Feasibility of remote physical function assessments

We also explored whether it was feasible for participants to perform home-based physical function assessments remotely using videoconferencing. This was assessed as the proportion of participants who could successfully complete all physical function assessments during both the baseline and follow-up videoconferencing meetings. In addition, the feasibility of the remote home-based physical function assessments was considered based on the occurrence of barriers regarding equipment availability [e.g., lack of a suitable chair for sit-to-stand (STS) assessments], technical issues (e.g., unstable internet connection), and the availability of sufficient space within the home environment to complete each test and achieve the camera angles necessary for test scoring (e.g., view of the participant’s feet and/or eyes for balance testing).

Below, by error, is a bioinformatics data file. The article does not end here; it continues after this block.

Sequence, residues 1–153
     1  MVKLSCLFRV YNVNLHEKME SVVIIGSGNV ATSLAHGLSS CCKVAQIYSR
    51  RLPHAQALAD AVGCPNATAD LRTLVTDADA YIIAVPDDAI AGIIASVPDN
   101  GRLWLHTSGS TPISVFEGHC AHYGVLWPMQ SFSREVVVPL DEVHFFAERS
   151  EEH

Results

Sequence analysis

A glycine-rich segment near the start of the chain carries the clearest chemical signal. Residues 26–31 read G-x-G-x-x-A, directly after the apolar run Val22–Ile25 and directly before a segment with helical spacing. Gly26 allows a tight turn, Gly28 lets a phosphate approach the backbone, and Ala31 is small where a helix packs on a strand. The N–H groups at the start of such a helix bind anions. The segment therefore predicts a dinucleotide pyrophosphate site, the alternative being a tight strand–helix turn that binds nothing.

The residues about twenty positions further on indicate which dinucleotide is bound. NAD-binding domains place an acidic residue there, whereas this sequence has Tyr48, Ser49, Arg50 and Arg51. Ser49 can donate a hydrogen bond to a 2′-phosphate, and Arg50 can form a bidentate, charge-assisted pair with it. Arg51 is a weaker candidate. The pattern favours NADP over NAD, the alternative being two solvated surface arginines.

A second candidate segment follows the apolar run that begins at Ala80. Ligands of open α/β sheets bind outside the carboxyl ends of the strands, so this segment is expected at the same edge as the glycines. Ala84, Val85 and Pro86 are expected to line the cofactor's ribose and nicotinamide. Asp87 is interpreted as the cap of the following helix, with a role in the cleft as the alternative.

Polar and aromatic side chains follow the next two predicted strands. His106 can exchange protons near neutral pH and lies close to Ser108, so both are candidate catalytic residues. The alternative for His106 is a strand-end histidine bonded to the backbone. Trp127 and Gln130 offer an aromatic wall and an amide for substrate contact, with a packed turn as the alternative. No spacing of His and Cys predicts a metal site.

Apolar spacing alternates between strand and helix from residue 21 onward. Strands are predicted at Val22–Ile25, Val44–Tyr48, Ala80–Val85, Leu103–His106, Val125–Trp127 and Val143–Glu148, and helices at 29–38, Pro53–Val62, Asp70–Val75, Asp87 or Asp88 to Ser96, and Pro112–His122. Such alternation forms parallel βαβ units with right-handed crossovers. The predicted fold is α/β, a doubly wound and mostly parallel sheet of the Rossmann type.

Adverse events and incidents

An adverse event was defined as an intervention-related event resulting in absence from, or modification to, the exercise intervention. An adverse incident was defined as a minor intervention-related event (such as muscle or joint soreness/stiffness) not requiring absence from, or modification to, the exercise intervention. Any reported adverse events or incidents were followed up by research staff who contacted participants via phone to obtain further information and to advise whether participants should continue (with any modifications as required) or cease the exercise program and seek medical advice.

Anthropometry and physical function assessments